Escherichia coli sequence type 410 is causing new international high-risk clones

Louise Roer, Søren Overballe-Petersen, Frank Hansen, Kristian Schønning, Mikala Wang, Bent L. Røder, Dennis S. Hansen, Ulrik S. Justesen, Leif P. Andersen, David Fulgsang-Damgaard, Katie L. Hopkins, Neil Woodford, Linda Falgenhauer, Trinad Chakraborty, Ørjan Samuelsen, Karin Sjöström, Thor B. Johannesen, Kim Ng, Jens Nielsen, Steen EthelbergMarc Stegger, Anette M. Hammerum*, Henrik Hasman

*Corresponding author for this work

Research output: Contribution to journalArticlepeer-review

66 Citations (Scopus)

Abstract

Escherichia coli sequence type 410 (ST410) has been reported worldwide as an extraintestinal pathogen associated with resistance to fluoroquinolones, third-generation cephalosporins, and carbapenems. In the present study, we investigated national epidemiology of ST410 E. coli isolates from Danish patients. Furthermore, E. coli ST410 was investigated in a global context to provide further insight into the acquisition of the carbapenemase genes blaOXA-181 and blaNDM-5 of this successful lineage. From 127 whole-genome-sequenced isolates, we reconstructed an evolutionary framework of E. coli ST410 which portrays the antimicrobial-resistant clades B2/H24R, B3/H24Rx, and B4/H24RxC. The B2/H24R and B3/H24Rx clades emerged around 1987, concurrently with the C1/H30R and C2/H30Rx clades in E. coli ST131. B3/H24Rx appears to have evolved by the acquisition of the extendedspectrum lactamase (ESBL)-encoding gene blaCTX-M-15 and an IncFII plasmid, encoding IncFIA and IncFIB. Around 2003, the carbapenem-resistant clade B4/H24RxC emerged when ST410 acquired an IncX3 plasmid carrying a blaOXA-181 carbapenemase gene. Around 2014, the clade B4/H24RxC acquired a second carbapenemase gene, blaNDM-5, on a conserved IncFII plasmid. From an epidemiological investigation of 49 E. coli ST410 isolates from Danish patients, we identified five possible regional outbreaks, of which one outbreak involved nine patients with blaOXA-181- and blaNDM-5-carrying B4/H24RxC isolates. The accumulated multidrug resistance in E. coli ST410 over the past two decades, together with its proven potential of transmission between patients, poses a high risk in clinical settings, and thus, E. coli ST410 should be considered a lineage with emerging "high-risk" clones, which should be monitored closely in the future.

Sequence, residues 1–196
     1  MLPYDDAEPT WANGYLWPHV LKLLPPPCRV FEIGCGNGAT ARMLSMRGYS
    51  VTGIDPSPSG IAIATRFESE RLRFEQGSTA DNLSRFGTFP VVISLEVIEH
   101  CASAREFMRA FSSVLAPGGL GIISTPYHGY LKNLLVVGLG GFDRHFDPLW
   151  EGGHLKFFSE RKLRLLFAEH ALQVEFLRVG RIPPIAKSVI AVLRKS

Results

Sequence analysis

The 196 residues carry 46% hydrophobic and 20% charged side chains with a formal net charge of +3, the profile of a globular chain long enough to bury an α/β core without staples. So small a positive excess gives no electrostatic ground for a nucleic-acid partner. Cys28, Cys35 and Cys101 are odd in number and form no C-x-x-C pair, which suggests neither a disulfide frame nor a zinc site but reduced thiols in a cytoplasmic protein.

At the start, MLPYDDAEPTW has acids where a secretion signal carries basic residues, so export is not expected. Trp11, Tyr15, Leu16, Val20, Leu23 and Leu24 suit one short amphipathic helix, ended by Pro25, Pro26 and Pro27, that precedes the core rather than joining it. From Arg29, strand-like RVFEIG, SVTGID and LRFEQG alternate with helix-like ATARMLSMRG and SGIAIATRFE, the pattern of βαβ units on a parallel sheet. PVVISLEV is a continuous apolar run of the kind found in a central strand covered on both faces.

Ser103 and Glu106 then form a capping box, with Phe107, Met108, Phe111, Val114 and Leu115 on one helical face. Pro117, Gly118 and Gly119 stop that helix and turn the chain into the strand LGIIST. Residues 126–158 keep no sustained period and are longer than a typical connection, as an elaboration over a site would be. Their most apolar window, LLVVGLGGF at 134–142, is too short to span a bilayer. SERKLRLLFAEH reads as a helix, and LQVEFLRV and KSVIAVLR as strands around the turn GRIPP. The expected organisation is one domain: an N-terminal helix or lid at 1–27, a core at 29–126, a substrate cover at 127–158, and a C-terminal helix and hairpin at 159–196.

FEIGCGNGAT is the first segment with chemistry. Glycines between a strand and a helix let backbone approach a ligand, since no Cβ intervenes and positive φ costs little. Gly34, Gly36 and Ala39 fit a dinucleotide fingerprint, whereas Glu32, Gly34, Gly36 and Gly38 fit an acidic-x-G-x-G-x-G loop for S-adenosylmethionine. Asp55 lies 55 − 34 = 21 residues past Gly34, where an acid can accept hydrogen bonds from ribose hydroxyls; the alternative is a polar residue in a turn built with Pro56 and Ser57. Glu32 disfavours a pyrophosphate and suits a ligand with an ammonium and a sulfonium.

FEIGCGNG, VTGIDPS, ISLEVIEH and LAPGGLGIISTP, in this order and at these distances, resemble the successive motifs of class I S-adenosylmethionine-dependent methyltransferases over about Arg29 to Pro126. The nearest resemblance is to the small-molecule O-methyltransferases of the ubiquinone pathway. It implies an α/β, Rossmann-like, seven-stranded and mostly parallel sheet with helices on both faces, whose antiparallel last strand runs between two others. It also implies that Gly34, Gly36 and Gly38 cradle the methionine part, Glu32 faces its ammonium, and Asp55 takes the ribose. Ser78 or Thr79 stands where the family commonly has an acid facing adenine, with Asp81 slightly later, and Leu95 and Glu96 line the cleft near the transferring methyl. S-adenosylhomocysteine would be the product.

Original languageEnglish
Article numbere00337-18
JournalmSphere
Volume3
Issue number4
DOIs
Publication statusPublished - 1 Jul 2018

Bibliographical note

Funding Information:
This work was supported by the Danish Ministry of Health and Prevention as part of the Integrated Surveillance of ESBL/AmpC-producing E. coli and Carbapenemase-Producing Bacteria and by the Scandinavian Society for Antimicrobial Chemotherapy Foundation grant number SLS-588921.

Publisher Copyright:
© 2018 Roer et al.

Keywords

  • BEAST
  • Epidemiology
  • Escherichia coli
  • Evolution
  • High-risk clone
  • Outbreak

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